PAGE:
'Iceland', the Supermarket chain in the United Kingdom has become the first of its kind to remove plastic packaging from its labeled products. According to reports, the company which has 900 outlets all over the nation has started implementing a five-year plan to remove all kinds of plastic in its products.
As Iceland has started this initiative, rivals companies are also expected to follow similar paths in the future which will help to combat plastic pollution in the country. Recycled paper and pulp containers will be used to replace plastic in Iceland's labeled products. With this new decision, Iceland has emerged as the first major retailer globally to go plastic-free.
The move comes days after British Prime Minister Theresa May pledged to eliminate synthetic packaging. May also set a deadline of 25 years to banish plastic and requested supermarkets to consider alternatives for this pollutant.
Richard Walker, the Managing Director of Iceland said that a truckload of plastic is being dumped on oceans every minute, and it is resulting in extreme damage to the marine environment and finally to human beings.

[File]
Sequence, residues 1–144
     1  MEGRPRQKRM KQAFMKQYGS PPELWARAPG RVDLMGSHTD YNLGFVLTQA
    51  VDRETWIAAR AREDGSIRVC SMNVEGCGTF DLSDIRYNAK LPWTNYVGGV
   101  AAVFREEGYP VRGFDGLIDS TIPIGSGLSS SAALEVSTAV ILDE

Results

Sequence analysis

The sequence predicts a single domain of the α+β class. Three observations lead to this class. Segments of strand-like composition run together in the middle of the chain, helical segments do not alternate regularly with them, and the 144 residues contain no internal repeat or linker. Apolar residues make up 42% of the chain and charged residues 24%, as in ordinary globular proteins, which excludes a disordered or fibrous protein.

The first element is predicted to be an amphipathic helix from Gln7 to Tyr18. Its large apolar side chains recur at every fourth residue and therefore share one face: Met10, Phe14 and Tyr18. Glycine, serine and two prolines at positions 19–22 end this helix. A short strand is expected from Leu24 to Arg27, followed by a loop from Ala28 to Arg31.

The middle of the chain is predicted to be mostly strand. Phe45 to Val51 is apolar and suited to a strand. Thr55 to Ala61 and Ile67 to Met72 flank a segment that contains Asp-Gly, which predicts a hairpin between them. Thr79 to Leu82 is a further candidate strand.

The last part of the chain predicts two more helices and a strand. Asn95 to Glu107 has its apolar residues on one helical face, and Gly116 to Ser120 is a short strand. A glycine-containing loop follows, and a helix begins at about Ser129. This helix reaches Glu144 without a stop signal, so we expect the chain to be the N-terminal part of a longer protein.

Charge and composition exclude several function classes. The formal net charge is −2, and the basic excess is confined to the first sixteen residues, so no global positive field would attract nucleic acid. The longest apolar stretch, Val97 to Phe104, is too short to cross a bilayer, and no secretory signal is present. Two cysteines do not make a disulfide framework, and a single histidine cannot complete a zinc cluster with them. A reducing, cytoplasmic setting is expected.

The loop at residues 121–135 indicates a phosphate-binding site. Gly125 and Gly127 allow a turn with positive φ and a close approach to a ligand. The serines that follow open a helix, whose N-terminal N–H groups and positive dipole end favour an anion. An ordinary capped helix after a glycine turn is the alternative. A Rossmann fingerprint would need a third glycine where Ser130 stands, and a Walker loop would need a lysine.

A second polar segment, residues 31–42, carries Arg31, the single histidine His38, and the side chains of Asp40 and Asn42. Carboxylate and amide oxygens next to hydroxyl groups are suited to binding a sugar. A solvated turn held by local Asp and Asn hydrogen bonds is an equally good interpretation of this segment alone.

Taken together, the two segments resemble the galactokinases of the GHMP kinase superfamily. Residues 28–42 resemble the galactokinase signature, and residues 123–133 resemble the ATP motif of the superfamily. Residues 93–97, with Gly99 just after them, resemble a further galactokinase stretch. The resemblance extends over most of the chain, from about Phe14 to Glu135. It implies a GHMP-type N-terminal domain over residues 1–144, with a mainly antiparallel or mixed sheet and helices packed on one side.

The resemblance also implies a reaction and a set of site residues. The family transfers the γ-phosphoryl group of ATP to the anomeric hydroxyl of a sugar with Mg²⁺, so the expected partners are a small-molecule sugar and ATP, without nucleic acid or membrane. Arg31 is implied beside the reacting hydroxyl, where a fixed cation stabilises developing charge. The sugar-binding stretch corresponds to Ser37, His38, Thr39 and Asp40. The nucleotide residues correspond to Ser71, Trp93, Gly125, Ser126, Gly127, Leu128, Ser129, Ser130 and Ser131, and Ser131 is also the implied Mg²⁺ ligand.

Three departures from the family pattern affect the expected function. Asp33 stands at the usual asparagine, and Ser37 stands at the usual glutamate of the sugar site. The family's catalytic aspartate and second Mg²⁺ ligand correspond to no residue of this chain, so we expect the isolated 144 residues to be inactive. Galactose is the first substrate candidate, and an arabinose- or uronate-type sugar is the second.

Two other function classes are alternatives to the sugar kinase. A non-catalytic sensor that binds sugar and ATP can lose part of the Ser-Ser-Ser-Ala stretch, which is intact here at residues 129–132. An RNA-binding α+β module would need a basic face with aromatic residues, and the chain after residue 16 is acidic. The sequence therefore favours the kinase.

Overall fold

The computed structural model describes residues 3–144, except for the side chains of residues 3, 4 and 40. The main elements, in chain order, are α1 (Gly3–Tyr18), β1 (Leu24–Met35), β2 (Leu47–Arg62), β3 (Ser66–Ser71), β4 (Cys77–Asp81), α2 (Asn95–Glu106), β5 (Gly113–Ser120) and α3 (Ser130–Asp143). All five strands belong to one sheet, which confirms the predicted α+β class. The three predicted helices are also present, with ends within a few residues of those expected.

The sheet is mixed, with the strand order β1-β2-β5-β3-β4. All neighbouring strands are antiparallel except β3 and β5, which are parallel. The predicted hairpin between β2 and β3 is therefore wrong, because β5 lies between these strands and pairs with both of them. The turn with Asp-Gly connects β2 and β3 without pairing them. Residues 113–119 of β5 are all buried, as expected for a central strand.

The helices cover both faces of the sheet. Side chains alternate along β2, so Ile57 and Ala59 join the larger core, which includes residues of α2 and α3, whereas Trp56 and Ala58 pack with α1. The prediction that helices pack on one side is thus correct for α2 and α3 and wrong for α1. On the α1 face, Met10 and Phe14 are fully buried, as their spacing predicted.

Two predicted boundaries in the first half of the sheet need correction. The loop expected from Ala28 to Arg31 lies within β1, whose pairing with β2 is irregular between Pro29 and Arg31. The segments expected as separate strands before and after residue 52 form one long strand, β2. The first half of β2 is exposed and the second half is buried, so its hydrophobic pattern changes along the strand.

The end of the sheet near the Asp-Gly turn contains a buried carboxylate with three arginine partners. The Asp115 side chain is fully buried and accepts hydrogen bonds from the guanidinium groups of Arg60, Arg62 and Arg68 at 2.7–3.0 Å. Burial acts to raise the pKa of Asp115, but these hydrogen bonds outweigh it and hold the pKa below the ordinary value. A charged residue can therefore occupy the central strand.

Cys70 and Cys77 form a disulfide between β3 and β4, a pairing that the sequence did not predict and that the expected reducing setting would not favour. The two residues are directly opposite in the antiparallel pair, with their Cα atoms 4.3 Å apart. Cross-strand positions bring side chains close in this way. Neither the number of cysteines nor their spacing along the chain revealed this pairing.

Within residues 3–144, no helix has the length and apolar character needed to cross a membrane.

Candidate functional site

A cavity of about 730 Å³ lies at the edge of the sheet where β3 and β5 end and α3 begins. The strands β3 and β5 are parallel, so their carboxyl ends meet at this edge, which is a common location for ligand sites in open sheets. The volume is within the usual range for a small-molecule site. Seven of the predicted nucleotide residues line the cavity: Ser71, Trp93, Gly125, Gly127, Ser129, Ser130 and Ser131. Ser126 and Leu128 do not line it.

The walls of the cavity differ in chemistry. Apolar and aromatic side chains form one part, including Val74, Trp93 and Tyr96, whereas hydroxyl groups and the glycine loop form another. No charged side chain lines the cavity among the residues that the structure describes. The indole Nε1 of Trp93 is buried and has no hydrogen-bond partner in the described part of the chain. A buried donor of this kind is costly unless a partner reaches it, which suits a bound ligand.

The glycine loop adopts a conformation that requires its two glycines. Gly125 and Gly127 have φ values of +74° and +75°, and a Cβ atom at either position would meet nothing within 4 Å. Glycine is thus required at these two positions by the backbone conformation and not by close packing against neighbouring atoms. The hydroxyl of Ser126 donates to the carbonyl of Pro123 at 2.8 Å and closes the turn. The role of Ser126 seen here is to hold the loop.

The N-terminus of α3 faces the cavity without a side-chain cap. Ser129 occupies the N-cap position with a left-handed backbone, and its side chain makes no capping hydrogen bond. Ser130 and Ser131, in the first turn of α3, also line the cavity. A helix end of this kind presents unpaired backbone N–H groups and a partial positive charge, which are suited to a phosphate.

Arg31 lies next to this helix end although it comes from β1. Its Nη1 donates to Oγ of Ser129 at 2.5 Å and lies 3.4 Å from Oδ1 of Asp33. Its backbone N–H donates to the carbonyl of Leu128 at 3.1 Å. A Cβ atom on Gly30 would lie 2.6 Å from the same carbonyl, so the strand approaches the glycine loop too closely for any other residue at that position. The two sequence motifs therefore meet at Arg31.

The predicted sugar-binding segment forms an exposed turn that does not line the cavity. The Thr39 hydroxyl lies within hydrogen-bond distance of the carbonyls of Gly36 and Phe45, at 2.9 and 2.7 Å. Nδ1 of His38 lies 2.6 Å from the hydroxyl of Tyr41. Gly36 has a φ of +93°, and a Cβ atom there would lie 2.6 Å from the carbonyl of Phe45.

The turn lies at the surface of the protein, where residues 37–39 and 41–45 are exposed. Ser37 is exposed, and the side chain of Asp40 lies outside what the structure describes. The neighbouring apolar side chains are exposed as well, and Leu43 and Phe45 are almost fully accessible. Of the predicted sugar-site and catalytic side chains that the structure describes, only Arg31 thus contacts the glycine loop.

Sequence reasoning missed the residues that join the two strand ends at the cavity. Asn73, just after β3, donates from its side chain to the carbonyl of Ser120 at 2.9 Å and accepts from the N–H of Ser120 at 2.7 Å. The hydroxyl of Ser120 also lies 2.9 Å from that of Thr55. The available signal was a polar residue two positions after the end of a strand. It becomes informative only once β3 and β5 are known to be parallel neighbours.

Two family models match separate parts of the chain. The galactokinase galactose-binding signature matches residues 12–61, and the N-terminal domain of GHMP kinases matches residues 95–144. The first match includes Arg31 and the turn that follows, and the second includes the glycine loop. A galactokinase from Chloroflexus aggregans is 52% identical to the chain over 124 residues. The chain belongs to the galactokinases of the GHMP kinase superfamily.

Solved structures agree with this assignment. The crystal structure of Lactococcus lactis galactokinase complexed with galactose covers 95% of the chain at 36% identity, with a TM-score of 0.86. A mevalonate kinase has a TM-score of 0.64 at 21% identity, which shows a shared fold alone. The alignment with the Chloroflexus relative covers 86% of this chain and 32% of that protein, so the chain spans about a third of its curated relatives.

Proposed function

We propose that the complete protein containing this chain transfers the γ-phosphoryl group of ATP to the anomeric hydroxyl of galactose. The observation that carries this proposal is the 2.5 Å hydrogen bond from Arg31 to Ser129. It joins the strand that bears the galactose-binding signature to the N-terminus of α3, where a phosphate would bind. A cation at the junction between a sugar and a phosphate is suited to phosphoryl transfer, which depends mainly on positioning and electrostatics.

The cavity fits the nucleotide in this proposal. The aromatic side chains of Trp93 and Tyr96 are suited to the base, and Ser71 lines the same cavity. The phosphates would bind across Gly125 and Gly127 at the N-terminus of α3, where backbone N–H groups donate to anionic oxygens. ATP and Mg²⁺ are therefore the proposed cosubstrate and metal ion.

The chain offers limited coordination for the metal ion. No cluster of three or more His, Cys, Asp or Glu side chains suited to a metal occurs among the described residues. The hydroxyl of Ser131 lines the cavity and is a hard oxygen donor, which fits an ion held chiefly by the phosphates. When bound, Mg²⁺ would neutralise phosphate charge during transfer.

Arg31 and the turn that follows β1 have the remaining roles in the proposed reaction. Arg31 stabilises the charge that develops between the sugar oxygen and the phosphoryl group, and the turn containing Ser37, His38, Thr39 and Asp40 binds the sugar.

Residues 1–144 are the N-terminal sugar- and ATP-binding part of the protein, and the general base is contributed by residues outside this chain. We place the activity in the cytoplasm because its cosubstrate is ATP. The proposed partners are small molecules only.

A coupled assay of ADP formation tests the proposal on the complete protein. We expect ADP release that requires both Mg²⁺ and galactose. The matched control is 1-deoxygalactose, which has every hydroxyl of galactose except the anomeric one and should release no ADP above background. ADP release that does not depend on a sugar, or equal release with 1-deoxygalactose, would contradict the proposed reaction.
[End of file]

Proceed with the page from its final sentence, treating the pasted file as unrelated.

"The world has woken up to the scourge of plastics. A truckload is entering our oceans every minute, causing untold damage to our marine environment and ultimately humanity – since we all depend on the oceans for our survival. The onus is on retailers, as leading contributors to plastic packaging pollution and waste, to take a stand and deliver meaningful change," said Walker.
Richard Walker also urged other retailers to follow suit, as it is a time for collaboration.
Initially, plastic meal trays will be replaced with wood-pulp alternatives made in Britain. Plastic bags used in frozen vegetables and other food materials will be eventually dropped and replaced with paper covers. The supermarket chain is also looking for viable alternatives for plastic bottles and milk cartons.
Even though the switch from plastic to nature-friendly alternatives will cost Iceland a whopping sum of money, there will be no corresponding rise in the price of their products.
Iceland's move has been well received by environmental campaigners, including Greenpeace, which is concerned about the negative impact of plastic in the world's oceans.
"It's now up to other retailers and food producers to respond to that challenge. The tidal wave of plastic pollution will only start to recede when they turn off the tap. They know the scale of systemic change we need, and yet their responses have been timid and piecemeal. Iceland has offered a more radical solution that shows the way forward for the sector," wrote Greenpeace executive director John Sauven on the NGO's blog.